Sara Morrison: I mean, I think that’s tricky because a lot of this is about what you don’t have, allegedly because of Google’s practices. So is there another, you know, universe where there’s a better search engine than Google or Google has had to compete to make its own search engine better? Has it gotten complacent because it doesn’t have competition? You know, consumers are, you know, I suppose, being harmed because there isn’t other things out there that would be better. It’s hard to sort of prove a negative or just a thing that doesn’t exist. But again, with the Microsoft trial, you know, after, you know, Internet Explorer, they couldn’t push Internet Explorer on people. We do get a bunch of browsers and Google kind of rises up from those ashes. So maybe there’s a company that’s doing really good, cool things that the outcome of this case could give it, you know, an actual like even playing field.
Priyanka Aribindi: Sara, thank you so much for joining us. It is always a joy to have you.
Sara Morrison: It’s a joy to be here. Thank you.
Juanita Tolliver: That was Vox senior tech reporter Sara Morrison. We’ll link her explainer article in our show notes if you want to read more about the case. But that’s the latest for now. We’ll be back after some ads. [music break].
Priyanka Aribindi: Let’s get to some headlines.
Priyanka Aribindi: Republican House Speaker Kevin McCarthy yesterday initiated a formal impeachment inquiry into President Biden over his family’s business dealings. Speaking at the Capitol yesterday, McCarthy said he’s directed House committees to open the impeachment inquiry, calling it a, quote, “logical next step.” I don’t know if logic has anything to do with this.
Juanita Tolliver: Yeah nope.
Priyanka Aribindi: But okay. [laugh] This comes after Republicans have investigated the president for months and have not turned up a shred of evidence of wrongdoing.
Juanita Tolliver: Go figure.
Priyanka Aribindi: Also worth noting, McCarthy opened the impeachment inquiry on his own without a formal House vote, even though he had previously said that he wouldn’t do that without a vote. The announcement also came as hard line conservatives threatened to oust McCarthy if he failed to take action against Biden. In response to the inquiry, a spokesperson for the White House called the move, quote, “extreme politics at its worst.” And if you happen to be wondering what Democratic Senator John Fetterman had to say about this, take a listen to what he told an NBC journalist.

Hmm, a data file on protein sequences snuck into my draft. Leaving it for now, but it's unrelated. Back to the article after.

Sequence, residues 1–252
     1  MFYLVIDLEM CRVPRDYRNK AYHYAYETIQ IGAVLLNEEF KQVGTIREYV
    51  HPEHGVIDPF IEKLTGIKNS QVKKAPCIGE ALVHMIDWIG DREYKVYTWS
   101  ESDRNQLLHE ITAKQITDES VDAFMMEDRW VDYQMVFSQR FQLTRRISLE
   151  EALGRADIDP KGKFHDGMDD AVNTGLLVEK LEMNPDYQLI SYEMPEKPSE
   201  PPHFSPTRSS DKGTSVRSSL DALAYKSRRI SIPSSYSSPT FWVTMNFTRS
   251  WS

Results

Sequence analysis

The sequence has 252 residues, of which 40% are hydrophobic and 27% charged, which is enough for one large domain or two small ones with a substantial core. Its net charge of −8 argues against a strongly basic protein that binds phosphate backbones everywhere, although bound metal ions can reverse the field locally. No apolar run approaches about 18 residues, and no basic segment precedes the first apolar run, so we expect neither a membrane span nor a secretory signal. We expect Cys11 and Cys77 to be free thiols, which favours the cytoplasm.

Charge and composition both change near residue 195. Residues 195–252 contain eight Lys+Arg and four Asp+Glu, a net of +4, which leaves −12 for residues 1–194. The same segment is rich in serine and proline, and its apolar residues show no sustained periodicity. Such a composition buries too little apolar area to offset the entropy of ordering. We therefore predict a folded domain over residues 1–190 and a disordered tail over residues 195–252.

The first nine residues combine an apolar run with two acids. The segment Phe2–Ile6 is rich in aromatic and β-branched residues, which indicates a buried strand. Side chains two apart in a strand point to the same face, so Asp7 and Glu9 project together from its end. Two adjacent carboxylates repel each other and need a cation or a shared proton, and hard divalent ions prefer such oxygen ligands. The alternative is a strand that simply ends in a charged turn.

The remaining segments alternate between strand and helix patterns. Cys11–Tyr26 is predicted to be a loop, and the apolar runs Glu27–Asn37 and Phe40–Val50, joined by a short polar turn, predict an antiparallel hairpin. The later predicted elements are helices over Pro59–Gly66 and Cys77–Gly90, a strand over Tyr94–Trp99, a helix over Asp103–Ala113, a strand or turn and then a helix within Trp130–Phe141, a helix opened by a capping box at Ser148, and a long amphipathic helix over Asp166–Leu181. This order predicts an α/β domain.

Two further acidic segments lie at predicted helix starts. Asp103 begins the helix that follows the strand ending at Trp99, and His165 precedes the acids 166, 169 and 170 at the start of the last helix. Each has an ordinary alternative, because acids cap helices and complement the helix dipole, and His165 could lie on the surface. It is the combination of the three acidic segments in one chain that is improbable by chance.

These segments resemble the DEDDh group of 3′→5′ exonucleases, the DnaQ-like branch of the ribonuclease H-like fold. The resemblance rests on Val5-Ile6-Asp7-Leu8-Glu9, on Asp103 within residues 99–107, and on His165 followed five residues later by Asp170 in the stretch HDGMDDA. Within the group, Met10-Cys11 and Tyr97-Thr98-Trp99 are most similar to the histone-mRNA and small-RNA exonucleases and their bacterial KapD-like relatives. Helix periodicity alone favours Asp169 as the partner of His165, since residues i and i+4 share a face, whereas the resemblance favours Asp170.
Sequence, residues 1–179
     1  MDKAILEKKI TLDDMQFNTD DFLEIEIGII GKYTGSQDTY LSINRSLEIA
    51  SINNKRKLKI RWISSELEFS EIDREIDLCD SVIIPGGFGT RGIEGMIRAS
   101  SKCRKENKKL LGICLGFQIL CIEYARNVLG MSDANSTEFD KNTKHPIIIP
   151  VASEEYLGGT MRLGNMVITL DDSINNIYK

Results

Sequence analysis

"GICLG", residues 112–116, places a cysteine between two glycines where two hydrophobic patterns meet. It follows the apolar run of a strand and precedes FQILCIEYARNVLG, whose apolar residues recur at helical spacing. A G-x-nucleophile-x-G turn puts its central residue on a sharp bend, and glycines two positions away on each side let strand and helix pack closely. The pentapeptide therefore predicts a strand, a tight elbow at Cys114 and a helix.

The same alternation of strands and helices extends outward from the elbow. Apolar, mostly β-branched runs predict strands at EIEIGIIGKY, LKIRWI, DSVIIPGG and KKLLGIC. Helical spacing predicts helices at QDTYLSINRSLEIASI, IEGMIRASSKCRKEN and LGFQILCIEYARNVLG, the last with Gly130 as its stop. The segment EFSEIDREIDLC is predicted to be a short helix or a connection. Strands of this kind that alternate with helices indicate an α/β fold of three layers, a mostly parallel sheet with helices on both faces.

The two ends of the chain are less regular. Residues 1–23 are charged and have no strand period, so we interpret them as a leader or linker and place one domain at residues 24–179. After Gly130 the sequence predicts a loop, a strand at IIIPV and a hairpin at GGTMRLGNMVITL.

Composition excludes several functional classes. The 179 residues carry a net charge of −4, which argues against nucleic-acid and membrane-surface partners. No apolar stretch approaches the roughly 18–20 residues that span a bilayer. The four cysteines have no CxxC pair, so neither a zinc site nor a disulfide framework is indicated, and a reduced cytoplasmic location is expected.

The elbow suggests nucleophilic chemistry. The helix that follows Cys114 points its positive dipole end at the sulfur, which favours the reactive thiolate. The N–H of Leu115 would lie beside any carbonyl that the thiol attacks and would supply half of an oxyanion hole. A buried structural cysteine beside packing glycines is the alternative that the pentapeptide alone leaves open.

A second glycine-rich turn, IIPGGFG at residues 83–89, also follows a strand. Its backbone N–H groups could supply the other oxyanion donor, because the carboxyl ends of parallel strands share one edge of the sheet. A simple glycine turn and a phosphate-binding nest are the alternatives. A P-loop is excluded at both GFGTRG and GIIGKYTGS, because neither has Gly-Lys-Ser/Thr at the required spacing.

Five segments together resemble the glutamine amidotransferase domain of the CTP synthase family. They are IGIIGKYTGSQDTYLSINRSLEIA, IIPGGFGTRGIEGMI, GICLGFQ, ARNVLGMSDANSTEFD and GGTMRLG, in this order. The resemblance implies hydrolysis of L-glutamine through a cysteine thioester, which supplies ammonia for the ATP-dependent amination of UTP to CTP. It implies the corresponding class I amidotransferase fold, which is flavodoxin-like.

[clip of Senator John Fetterman] Oh, my God. Really? Oh, my gosh. You know. Oh, it’s devastating. [laugh] Ooooh, don’t do it. Please don’t do it.
[clip of unspecified interviewer] Senator.
[clip of Senator John Fetterman] Oh, no. Oh, no.
Juanita Tolliver: [laughter] Wow. I am John Fetterman. [laughing].
Priyanka Aribindi: Wow.
Juanita Tolliver: Like that was definitely my reaction.
Priyanka Aribindi: That’s incredible. [laugh]
Juanita Tolliver: A federal grand jury yesterday indicted the five former Memphis police officers involved in the beating death of Tyre Nichols. They face four federal charges, one count each of excessive force and deliberate indifference and two counts of witness tampering. This is on top of the second degree murder charges the officers faced from the state, which they pleaded not guilty to. Nichols, a 29 year old black man, was violently beaten earlier this year after a traffic stop and brief foot chase. He died in a hospital three days later from his injuries. And his death spurred protests against police brutality and vigils to honor his life across the country. Body cameras and surveillance footage from Nichols’ arrest were released about two weeks after his death and the officers were terminated from the department shortly after that. In the indictment, prosecutors allege that the officers deliberately tried to keep their body cameras out of view of the beating. These federal charges followed the July launch of a DOJ investigation into the city of Memphis and its police department for its use of force, searches and arrest, as well as discriminatory policing.